Format

Send to

Choose Destination
J Neurol. 2009 Apr;256(4):563-7. doi: 10.1007/s00415-009-0085-1. Epub 2009 Apr 23.

Long-lasting benefits of botulinum toxin type B in Parkinson's disease-related drooling.

Author information

1
Clinica Neurologica, Dipartimento di Neuroscienze, Università Politecnica delle Marche, Ospedali Riuniti, Ancona, Italy. lagallag@yahoo.it

Abstract

PURPOSE:

To investigate the safety, efficacy and effectiveness of botulinum toxin type-B (BTX-B) injections into the parotid glands to reduce drooling in Parkinson's disease (PD) subjects.

METHODS:

A double-blind, randomised, placebo-controlled study enrolled 36 advanced phase PD subjects who complained of disabling drooling. Patients received either 4000U BTX-B or placebo. Anatomically guided injections were performed. Outcome measures were chosen to assess both the subjective feeling of improvement (i. e. the Drooling Severity and Frequency Scale, DSFS, visuo-analogic ratings of familial distress, VAS-FD, and social distress, VAS-SD) and objective saliva reduction (saliva production over five minutes was checked by weighing dental rolls). The Global Impression Score (GIS) was also applied, rating improvement from 0 to 3.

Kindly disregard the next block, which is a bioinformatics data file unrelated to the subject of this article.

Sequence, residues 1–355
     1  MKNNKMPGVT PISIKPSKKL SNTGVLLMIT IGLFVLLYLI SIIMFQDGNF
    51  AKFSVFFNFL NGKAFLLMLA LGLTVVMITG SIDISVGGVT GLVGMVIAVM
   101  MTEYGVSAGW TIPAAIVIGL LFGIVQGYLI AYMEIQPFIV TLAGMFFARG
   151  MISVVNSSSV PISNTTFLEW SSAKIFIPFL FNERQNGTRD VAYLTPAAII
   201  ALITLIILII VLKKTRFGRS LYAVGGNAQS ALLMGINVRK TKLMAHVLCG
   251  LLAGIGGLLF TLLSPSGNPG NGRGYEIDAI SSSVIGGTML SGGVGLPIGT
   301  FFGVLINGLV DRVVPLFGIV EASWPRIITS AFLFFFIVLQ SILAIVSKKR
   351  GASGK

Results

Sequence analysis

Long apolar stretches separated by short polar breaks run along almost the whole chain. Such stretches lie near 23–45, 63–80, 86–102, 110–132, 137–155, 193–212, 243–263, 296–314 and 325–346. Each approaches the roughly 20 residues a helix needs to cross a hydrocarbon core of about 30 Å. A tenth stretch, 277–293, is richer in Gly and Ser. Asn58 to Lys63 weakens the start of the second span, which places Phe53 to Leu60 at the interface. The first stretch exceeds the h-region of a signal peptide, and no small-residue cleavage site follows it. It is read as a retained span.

RESULTS:

One month after injections, BTX-B patients showed a meaningful improvement in almost all subjective outcomes. Two-way analysis of variance gave a significant time x treatment effect, F-value being 52.5 (p < 0.0001) for DS-FS, 23.2 (p < 0.0001) for VAS-FD, 29 (p < 0.0001) for VAS-SD, and 28.9 (p < 0.0001) for UPDRSADL drooling item score. All BTX-B subjects declared sialorrhea reduction of any kind (moderate for 44.4% cases, and dramatic for 33.3% subjects), at variance with 61.1% controls who denied any benefit from treatment. (Chi-square = 22.9; p < 0.0001). When present, benefits lasted on average 19.2 +/- 6.3 weeks in the BTX-B group compared to 6.7 +/- 1.4 weeks in controls (T-value: 26.4; p < 0.0001).

CONCLUSIONS:

BTXB represents a safe and efficacious tool for the management of PD-related drooling, ensuring a longlasting waning of this disabling symptom.

PMID:
19401804
DOI:
10.1007/s00415-009-0085-1
[Indexed for MEDLINE]

Supplemental Content

Full text links

Icon for Springer
Loading ...
Support Center